I have this thing with Schwab’s books. I just don’t know what to do with them. They all sound so cool and thrilling and unique and inventive and I’m usually extremely excited about them. The thing is just…whenever I start one of her books I get stuck. I don’t get farther then the first few pages before I get bored or distracted and the book confuses me or just doesn’t hook me. Usually it takes about three to four trys for me to get anywhere with Schwab’s books. It’s like it’s jinxed and it frustrates and generally disappoints me. But not so City of Ghosts. City of Ghosts was amazing.
Ever since Cass almost drowned (okay, she did drown, but she doesn’t like to think about it), she can pull back the Veil that separates the living from the dead . . . and enter the world of spirits. Her best friend is even a ghost. So things are already pretty strange. But they’re about to get much stranger. When Cass’s parents start hosting a TV show about the world’s most haunted places, the family heads off to Edinburgh, Scotland. Here, graveyards, castles, and secret passageways teem with restless phantoms. And when Cass meets a girl who shares her “gift,” she realizes how much she still has to learn about the Veil — and herself. And she’ll have to learn fast.
Most of City of Ghosts takes place in Edinburgh. The descriptions of the city definitely added to the atmosphere of the book and I really loved it. It kinda made me wanna pack my bags and visit the city for myself, to go exploring and drink up all the stories the place has to offer. Talking about atmosphere, I loved the whole feel of the book. It had something grey to it, something unknown, twisted but at the same time an air of curiosity. That is also somehow how I would describe the main character:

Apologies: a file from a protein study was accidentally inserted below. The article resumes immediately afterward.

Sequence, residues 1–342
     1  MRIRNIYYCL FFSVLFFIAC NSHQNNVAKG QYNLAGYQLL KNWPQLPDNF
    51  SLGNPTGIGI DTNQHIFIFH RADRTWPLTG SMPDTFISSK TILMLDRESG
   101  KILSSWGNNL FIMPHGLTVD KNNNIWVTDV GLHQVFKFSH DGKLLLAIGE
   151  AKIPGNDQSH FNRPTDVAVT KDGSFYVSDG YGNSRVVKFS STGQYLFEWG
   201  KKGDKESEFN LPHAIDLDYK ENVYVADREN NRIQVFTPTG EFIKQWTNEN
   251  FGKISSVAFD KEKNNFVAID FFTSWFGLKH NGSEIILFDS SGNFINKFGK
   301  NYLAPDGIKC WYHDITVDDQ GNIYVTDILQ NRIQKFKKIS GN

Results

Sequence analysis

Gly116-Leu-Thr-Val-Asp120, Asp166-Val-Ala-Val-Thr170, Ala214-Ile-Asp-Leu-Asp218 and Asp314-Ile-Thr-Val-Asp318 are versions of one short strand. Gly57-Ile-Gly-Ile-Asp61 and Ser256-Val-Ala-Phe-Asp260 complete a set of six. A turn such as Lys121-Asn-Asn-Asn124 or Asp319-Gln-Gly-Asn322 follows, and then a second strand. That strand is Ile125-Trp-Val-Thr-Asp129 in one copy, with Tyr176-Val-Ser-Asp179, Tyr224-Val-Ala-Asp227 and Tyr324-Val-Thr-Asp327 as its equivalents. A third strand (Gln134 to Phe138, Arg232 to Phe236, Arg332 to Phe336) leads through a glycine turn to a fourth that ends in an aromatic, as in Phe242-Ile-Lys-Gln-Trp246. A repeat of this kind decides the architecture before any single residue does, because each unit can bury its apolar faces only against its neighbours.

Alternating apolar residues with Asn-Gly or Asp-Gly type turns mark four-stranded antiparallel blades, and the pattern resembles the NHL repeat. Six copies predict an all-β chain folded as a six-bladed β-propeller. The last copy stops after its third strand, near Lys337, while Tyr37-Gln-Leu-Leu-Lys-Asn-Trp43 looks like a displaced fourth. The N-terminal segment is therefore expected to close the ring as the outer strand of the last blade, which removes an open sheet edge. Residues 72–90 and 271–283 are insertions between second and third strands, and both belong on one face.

Cass – a young girl who a little bit-almost died a year prior to the events of the book.
I really liked Cass. She was curious but also cautious and just plain likable. She still has to adapt to the changes the near-death experience has brought, which means ghosts, obviously. However, she’s also not sure what the rules are and still has to learn via trial and error. The second main character is Cass’ best friend Jacob who is a ghost. I quite liked him as well. He was more careful than Cass, more worried and somehow also more secretive. There were definitely things that he kept from Cass and that I hope will be explored in later books.
The story itself is engaging and fun, with eerie and creepy and also solemn tones. There is a lot of exploring going on, in the world of the living and behind the Veil as well. It’s full of stories and encounters, natural and supernatural, and I liked the way how you experience Edinburgh and the Veil with Cass.
Topics like death, friendship, honesty and trust are important in this book and dealt with in a very child-friendly yet mature way. I didn’t have the feeling that a kid would feel patronized with the way these subjects are addressed.
All in all, I think this book has everything what a spooky Middlegrade book needs. It’s eerie and a little creepy, has great characters, an interesting, engaging story and great pacing. It might be a little bit too scary for younger readers on the MG scale but it’s definitely an adventure.